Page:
Just as the town was beginning to grow, the Civil War turned it into an attractive military target. The area was protected by Fort Macon, a nearby masonry fort staffed by a small garrison. In their preparations to take the fort, Union troops under Gen. John G. Parke set up camp in a small community near Morehead City known as Carolina City. Their landing point on Bogue Banks, Hoop Pole Creek, was directly across the sound from Carolina City. Fort Macon fell in less than two weeks and the Union occupied the entire region for the rest of the war.
For several years after 1865, Morehead City was the only railroad hub in Carteret County. It was the industrial center for the county and had the vast majority of its factories and retail centers. By 1903, the town had a furniture manufacturer, an ice factory, two fish factories, five hotels, and 17 general merchandise businesses, two of which were owned by African Americans.
The town’s railroad connection to the rest of Carteret County greatly aided the county’s farmers, who could send their produce to Morehead City and have it shipped to far-off locales. The railroad also facilitated tourism, which had been limited to boat traffic prior to the 1850s.
A visible symbol of this new industry was the Atlantic Hotel, first located in Beaufort and moved to Morehead City in 1880. The hotel’s popularity led to several organizations being founded in its event spaces, including the state’s teacher and banker associations.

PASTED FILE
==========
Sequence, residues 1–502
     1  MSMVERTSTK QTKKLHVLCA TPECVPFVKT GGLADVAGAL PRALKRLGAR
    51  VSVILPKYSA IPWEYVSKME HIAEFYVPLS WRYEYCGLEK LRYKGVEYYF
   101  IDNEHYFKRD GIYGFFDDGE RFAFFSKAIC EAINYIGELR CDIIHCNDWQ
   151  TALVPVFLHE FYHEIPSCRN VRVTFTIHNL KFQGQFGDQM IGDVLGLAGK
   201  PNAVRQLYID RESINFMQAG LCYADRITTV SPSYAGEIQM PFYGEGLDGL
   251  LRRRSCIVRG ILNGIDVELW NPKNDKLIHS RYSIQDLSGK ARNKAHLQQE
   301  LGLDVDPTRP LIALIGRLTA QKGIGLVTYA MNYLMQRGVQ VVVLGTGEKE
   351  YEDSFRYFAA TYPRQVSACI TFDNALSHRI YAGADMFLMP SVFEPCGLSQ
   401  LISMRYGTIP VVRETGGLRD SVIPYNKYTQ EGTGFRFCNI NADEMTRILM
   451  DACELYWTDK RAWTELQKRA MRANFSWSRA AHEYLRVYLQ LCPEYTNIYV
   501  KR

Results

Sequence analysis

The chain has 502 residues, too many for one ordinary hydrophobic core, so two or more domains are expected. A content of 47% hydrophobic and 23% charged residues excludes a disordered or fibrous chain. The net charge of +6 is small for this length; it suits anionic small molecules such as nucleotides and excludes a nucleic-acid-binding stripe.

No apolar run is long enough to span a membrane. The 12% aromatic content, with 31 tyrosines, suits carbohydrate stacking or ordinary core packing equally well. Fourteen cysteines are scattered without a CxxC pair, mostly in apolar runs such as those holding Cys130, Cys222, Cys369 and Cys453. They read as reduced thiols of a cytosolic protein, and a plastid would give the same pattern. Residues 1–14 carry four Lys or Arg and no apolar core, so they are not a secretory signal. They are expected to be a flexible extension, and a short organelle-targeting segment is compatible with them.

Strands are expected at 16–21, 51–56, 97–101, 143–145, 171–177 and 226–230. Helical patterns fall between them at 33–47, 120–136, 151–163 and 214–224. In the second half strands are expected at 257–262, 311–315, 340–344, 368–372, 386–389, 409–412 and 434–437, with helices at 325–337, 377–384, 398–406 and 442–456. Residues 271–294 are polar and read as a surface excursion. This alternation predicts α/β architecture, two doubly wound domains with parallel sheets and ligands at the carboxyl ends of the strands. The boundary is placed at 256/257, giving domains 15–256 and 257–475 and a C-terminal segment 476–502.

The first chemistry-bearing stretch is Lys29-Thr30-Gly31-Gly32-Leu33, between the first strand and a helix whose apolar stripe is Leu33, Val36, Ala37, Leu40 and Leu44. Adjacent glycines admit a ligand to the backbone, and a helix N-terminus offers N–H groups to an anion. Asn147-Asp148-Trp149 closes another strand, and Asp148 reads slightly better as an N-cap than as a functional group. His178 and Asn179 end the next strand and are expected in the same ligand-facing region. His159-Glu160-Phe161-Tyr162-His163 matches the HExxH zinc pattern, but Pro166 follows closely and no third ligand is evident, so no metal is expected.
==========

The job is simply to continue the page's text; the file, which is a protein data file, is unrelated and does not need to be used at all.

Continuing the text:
The early 20th century saw Morehead City grow even more sophisticated. It became the home for marine research facilities and sport fishing tournaments. The city attracted tourists who took the railroad and later came via U.S. Highway 70, which was completed in Morehead City by the late 1920s.
As a reflection of this prosperity, Morehead received one of the county’s most architecturally significant buildings outside of Beaufort in 1926. At 202 S. Eighth St., the Morehead City Municipal Building is described in “A Guide to the Historic Architecture of Eastern North Carolina” by Catherine W. Bishir and Michael T. Southern as Morehead’s “most distinctive downtown landmark.” It is “an imposing two-story structure with a large hip roof and tall Ionic columns,” according to Bishir and Southern.
Morehead City’s status as the business center of Carteret County was particularly relevant for those who grew up in the coastal town.
Dee Lewis, a local historian and frequent volunteer at the Carteret County Historical Museum, grew up in Morehead City in the 1950s and 1960s. He recalls that Morehead City was the economic engine of the county throughout his childhood. It was the center of good-paying jobs at the port and nightlife down Arendell Street. Lewis contrasted the economic and entertainment opportunities in Morehead with the sleepy communities on the mainland and the seasonal tourist spots on Bogue Banks.